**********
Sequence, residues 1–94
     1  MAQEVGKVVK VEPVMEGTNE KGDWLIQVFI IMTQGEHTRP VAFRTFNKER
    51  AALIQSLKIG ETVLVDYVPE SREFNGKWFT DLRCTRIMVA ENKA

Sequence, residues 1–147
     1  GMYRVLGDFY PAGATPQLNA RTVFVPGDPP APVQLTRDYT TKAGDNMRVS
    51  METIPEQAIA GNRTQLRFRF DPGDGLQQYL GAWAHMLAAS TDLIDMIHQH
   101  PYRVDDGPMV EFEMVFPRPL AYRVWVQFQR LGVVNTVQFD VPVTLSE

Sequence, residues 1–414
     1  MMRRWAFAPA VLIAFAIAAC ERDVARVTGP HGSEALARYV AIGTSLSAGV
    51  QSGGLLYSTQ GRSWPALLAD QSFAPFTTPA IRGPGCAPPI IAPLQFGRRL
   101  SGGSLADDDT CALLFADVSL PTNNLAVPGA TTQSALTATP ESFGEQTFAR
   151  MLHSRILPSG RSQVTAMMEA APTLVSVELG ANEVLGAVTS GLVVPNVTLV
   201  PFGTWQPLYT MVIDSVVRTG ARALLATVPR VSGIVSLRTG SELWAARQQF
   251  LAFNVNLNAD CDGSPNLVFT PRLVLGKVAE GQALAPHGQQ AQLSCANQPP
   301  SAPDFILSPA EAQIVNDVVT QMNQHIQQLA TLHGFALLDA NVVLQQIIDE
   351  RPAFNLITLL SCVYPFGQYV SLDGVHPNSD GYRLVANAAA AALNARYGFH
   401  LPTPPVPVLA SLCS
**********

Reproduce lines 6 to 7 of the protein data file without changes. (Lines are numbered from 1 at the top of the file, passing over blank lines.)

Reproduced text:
    51  METIPEQAIA GNRTQLRFRF DPGDGLQQYL GAWAHMLAAS TDLIDMIHQH
   101  PYRVDDGPMV EFEMVFPRPL AYRVWVQFQR LGVVNTVQFD VPVTLSE